USA TODAY High School Sports has a weekly column on the college recruiting process. Here, you’ll find practical tips and real-world advice on becoming a better recruit to maximize your opportunities to play at the college level. Kyle Winters was a standout high school pitcher who tossed seven scoreless innings in a major tournament during his senior year. That performance against some heavy-hitting future MLB draft picks helped Kyle earn a full-ride scholarship to the University of New Mexico. However, Kyle opted to play professional baseball and was drafted by the Florida Marlins in the fifth round and played seven seasons for various minor league teams. Kyle is just one of many former college and professional players, college coaches, and parents who are part of the Next College Student Athlete team. Their knowledge, experience, and dedication along with NCSA’s history of digital innovation, and long-standing relationship with the college coaching community have made NCSA the largest and most successful athletic recruiting network in the country.
Prepping for a talk with a college coach feels very much like getting ready for a job interview. Now imagine doing it as a teenager. Yikes.
Here’s the thing: If college coaches are talking to your student-athlete and asking questions–that’s a great news. They’re interested. They probably already saw your child’s highlight video or even evaluated them in person. So, the conversation isn’t going to be about whether your athlete can compete at the college level—the coach knows they can. Really, they just want to learn more about your student-athlete. But what exactly do they need to know?
We asked JC Fields, Head Recruiting Coach at NCSA and former Division I college coach, to better understand which questions college coaches ask—and why they ask them.
Here’s his unique, insider perspective:
“How’s your season going?”
This is a great conversation starter that gives coaches a glimpse of a recruit’s personality. They don’t expect high schoolers to be extremely outgoing, but when they’ve only seen video, this kind of question allows them to get to know the recruit better. And it’s noticeable when a someone’s personality shines through the phone—they’re confident, but not cocky, and respectful. Things like “no sir” reflect that they’re coachable. So, your student-athlete should show respect for the coach’s time and feel comfortable when talking about what’s going well, what improvements they’ve made, and areas where they still want to get better. They should never exaggerate their grades or athletic ability.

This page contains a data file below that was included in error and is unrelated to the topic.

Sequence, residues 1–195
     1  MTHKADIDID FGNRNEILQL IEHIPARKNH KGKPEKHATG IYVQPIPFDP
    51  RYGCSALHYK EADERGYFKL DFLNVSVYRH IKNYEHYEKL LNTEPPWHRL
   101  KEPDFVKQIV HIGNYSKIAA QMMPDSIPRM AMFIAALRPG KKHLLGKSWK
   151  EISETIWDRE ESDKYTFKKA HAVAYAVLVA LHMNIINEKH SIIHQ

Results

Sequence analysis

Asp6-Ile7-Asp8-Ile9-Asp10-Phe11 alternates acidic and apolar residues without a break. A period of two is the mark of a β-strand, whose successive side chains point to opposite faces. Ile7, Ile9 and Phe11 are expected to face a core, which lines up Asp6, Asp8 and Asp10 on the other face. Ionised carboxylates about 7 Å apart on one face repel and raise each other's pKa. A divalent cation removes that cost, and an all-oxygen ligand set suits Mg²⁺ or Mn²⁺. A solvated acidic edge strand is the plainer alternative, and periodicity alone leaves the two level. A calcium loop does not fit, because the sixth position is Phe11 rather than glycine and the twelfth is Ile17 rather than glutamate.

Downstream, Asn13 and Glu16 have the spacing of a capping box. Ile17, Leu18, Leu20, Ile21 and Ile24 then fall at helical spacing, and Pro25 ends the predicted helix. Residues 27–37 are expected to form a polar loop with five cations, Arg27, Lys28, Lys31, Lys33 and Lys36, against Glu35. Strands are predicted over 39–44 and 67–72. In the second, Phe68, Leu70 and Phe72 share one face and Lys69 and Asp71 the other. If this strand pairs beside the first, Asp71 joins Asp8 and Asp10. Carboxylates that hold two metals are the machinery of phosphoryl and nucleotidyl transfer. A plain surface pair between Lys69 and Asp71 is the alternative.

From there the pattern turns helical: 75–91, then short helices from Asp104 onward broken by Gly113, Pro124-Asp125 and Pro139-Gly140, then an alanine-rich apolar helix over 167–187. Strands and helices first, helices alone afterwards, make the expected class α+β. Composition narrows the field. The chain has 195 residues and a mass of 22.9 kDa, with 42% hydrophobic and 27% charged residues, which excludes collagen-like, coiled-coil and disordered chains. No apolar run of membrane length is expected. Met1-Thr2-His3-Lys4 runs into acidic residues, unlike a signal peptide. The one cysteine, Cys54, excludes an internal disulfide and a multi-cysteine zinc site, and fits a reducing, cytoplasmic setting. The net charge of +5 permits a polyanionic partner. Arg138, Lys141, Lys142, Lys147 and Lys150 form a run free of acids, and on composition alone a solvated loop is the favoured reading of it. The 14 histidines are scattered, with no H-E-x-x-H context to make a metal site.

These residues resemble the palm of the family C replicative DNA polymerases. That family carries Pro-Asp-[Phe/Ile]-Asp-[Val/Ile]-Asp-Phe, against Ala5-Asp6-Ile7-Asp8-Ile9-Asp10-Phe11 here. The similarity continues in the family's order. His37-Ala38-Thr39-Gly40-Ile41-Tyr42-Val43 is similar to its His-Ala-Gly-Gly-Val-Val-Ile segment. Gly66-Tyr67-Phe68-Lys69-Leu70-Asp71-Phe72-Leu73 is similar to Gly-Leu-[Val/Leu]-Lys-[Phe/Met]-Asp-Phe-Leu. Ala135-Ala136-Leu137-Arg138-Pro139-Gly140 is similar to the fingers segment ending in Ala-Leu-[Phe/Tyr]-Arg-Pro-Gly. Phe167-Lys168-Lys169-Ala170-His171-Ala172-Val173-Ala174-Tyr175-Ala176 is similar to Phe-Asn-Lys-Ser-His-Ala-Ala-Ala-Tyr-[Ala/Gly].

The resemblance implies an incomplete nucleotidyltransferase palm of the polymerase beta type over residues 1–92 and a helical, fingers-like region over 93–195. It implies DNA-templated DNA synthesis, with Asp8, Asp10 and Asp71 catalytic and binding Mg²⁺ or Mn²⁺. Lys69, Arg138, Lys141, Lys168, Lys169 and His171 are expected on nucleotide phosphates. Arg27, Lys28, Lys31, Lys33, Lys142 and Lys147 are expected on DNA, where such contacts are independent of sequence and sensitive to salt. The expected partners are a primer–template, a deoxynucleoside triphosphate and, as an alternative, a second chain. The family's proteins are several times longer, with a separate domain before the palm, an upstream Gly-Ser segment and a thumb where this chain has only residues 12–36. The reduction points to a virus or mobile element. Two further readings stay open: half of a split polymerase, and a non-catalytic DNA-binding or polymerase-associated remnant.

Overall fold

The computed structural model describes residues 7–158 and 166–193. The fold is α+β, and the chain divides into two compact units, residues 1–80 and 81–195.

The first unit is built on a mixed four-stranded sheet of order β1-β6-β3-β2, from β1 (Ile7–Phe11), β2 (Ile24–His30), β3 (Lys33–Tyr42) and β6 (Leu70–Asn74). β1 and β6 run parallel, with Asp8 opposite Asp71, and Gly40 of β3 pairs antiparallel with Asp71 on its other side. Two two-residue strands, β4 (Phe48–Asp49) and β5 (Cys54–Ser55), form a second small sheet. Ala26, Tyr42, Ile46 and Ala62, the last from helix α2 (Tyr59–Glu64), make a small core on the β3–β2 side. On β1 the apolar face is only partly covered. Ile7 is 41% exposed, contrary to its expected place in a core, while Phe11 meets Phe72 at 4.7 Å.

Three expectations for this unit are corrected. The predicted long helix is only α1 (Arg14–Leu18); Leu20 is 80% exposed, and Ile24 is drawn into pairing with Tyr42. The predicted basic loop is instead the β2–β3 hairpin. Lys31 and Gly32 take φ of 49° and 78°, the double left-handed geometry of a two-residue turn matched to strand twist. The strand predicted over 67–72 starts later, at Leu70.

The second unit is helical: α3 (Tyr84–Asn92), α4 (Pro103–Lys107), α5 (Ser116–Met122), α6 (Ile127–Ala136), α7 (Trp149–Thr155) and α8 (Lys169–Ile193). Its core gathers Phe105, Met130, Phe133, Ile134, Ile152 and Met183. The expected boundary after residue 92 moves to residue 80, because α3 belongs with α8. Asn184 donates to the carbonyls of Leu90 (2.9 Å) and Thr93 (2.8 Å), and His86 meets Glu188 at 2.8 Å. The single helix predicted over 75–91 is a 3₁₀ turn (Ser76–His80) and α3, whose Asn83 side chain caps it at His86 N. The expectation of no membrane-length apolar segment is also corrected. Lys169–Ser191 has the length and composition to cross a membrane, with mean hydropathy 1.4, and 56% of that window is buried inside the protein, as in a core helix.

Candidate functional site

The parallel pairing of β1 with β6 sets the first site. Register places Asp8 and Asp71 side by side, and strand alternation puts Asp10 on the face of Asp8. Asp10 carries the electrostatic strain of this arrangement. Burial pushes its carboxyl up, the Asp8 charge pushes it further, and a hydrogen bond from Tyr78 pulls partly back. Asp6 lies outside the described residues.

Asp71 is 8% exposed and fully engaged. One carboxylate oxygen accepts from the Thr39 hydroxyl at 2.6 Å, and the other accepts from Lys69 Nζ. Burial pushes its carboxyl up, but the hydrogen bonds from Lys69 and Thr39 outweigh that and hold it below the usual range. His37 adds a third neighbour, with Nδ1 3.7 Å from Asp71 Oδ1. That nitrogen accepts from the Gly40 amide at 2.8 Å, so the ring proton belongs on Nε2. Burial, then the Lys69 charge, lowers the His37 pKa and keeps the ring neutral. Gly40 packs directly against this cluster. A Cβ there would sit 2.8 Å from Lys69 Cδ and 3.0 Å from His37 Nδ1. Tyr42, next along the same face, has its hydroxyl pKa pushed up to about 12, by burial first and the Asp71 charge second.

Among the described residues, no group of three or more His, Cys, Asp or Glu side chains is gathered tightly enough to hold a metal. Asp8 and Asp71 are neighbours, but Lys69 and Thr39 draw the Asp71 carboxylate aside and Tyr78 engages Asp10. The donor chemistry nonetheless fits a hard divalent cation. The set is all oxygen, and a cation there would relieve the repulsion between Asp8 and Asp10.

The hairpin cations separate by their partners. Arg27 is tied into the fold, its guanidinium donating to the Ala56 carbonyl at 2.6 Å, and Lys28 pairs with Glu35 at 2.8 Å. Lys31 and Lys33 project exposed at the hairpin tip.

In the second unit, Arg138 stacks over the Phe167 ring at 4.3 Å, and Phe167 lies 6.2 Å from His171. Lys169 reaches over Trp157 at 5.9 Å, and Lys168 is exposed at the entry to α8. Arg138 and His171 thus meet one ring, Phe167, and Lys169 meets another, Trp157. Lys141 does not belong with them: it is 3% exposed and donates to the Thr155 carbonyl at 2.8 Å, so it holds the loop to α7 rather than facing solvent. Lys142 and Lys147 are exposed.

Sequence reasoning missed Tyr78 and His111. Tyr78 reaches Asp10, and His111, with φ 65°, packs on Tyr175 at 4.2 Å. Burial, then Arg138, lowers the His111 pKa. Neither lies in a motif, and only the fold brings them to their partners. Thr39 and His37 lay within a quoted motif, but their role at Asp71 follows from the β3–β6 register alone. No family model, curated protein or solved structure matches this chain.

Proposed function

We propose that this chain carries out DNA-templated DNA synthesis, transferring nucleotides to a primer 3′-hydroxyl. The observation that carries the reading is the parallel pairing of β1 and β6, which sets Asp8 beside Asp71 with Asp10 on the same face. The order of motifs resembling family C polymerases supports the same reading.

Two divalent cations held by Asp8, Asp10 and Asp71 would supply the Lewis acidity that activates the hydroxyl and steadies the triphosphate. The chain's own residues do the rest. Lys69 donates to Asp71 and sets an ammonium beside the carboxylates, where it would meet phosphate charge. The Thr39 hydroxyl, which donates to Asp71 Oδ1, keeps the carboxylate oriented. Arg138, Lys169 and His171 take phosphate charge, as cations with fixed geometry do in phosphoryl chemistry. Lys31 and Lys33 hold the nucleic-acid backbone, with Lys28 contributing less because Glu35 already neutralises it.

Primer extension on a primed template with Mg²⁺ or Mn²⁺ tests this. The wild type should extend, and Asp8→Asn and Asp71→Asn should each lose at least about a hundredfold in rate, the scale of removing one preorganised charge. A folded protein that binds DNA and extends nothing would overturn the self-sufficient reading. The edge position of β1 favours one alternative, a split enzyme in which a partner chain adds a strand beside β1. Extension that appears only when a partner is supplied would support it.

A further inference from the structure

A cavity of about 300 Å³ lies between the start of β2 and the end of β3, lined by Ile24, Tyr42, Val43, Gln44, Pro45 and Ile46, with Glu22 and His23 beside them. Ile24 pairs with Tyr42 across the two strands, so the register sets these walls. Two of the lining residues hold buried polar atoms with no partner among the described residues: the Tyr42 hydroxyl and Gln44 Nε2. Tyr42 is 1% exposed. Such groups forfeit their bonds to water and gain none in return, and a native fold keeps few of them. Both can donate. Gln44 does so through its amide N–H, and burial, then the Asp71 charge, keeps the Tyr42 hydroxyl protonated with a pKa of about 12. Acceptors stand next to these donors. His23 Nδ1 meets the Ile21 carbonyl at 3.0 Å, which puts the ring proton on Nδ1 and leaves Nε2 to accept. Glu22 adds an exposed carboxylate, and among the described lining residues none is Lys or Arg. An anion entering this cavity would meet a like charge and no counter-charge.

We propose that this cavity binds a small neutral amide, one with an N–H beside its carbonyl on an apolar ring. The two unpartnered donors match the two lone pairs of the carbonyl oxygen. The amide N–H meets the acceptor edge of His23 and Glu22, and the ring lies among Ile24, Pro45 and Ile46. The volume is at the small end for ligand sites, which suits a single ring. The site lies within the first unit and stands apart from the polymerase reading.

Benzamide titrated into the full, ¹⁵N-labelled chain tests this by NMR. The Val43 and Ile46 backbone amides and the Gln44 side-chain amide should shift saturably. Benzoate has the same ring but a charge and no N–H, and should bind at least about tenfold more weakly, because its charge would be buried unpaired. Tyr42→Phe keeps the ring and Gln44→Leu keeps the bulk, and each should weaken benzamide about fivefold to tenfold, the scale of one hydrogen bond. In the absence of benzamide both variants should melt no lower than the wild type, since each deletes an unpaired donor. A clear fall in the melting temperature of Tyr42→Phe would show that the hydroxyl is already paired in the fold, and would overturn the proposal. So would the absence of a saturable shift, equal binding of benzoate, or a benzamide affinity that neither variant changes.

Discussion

“What are you looking for in a school?”
Coaches ask this question so they can tailor their pitch to a recruit. For example, if academics were really important to an athlete, they’ll concentrate on their school’s academic qualities throughout the recruiting process. On the other hand, it also helps coaches understand when a recruit wouldn’t be open to playing at their school and when they should move on to another prospect. The bottom line? Your athlete should be honest, but know what could get them taken off a coach’s list. If your student-athlete tells someone at Florida State they’re only looking to play in the Big 10, that coach will more than likely move on and interview other recruits.
“Where are you at in your recruiting process?”
There’s really no other way to say it—coaches don’t want to waste their time. They ask this question because they’re looking for recruits who are open to new opportunities and haven’t made their final decision. If a coach finds out a prospect has a final list of schools and their school isn’t on it, they will move on. Knowing where they’re at in the process simply helps level-set expectations and saves time.
Follow up: Ask about family
Coaches know that this is a family decision and they want everyone to be involved in the recruiting process. Coaches also know that athletes that show respect when speaking about their parents and family will show the proper respect for a coach and their teammates. Plus, the more they know about the parents, the more they’ll learn about the recruit. Typically, coaches save these questions for an unofficial or official visit when they meet the family in person.
“What other colleges are recruiting you?”
Coaches want to know what they’re up against. If your family is down to a few schools, this is a chance for your child to really sell themselves and negotiate offers. But it’s also okay for them to tell the coach they’re keeping their options open, too. Either way, just be up front.
“What questions do you have for me?”
Think of this question as an opportunity to learn more about the program. Your student-athlete should do their research ahead of time so they can ask meaningful questions that will help them determine whether the school and athletic program is the right fit.
Read more: Coaches are reaching out. Now what?
Don’t forget that when your family has completed the recruiting journey and decided on a school, your child needs to call every coach they talked with and let them know they’ve made the final decision. Throughout the process they always want to be respectful and courteous so they leave a good impression among the coach community.